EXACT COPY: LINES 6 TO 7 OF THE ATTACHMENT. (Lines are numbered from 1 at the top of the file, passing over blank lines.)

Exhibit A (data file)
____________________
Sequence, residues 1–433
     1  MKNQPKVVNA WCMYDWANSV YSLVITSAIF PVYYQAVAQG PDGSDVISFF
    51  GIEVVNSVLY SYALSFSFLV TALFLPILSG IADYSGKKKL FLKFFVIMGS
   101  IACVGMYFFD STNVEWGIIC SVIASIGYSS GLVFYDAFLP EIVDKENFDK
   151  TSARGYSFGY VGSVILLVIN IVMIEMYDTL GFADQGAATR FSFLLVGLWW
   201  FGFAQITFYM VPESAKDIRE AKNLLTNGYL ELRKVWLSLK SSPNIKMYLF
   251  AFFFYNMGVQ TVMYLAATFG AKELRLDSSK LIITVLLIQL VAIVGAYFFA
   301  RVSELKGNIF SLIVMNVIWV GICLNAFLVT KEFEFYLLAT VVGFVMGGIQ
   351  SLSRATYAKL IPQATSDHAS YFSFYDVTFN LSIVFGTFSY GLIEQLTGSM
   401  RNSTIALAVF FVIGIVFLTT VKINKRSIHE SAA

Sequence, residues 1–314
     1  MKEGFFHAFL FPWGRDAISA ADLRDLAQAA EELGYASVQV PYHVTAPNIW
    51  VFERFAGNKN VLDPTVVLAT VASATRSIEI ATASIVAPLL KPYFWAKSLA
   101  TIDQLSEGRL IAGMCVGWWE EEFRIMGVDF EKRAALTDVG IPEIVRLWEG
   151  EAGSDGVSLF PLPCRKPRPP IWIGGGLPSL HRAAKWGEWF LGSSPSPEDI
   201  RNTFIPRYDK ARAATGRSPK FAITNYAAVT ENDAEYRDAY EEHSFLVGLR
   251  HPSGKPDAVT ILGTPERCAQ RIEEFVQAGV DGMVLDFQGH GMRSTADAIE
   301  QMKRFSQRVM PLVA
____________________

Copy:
   201  FGFAQITFYM VPESAKDIRE AKNLLTNGYL ELRKVWLSLK SSPNIKMYLF
   251  AFFFYNMGVQ TVMYLAATFG AKELRLDSSK LIITVLLIQL VAIVGAYFFA